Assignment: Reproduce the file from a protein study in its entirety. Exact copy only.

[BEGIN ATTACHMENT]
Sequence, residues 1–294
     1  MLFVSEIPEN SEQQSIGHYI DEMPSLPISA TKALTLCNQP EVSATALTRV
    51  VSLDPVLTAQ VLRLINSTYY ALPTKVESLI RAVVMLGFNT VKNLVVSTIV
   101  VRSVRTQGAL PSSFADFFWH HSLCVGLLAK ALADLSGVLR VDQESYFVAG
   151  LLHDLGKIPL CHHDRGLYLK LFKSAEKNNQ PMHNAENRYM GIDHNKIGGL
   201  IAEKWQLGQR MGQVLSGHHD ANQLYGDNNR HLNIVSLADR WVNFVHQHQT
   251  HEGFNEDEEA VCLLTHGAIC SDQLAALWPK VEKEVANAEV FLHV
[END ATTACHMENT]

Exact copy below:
Sequence, residues 1–294
     1  MLFVSEIPEN SEQQSIGHYI DEMPSLPISA TKALTLCNQP EVSATALTRV
    51  VSLDPVLTAQ VLRLINSTYY ALPTKVESLI RAVVMLGFNT VKNLVVSTIV
   101  VRSVRTQGAL PSSFADFFWH HSLCVGLLAK ALADLSGVLR VDQESYFVAG
   151  LLHDLGKIPL CHHDRGLYLK LFKSAEKNNQ PMHNAENRYM GIDHNKIGGL
   201  IAEKWQLGQR MGQVLSGHHD ANQLYGDNNR HLNIVSLADR WVNFVHQHQT
   251  HEGFNEDEEA VCLLTHGAIC SDQLAALWPK VEKEVANAEV FLHV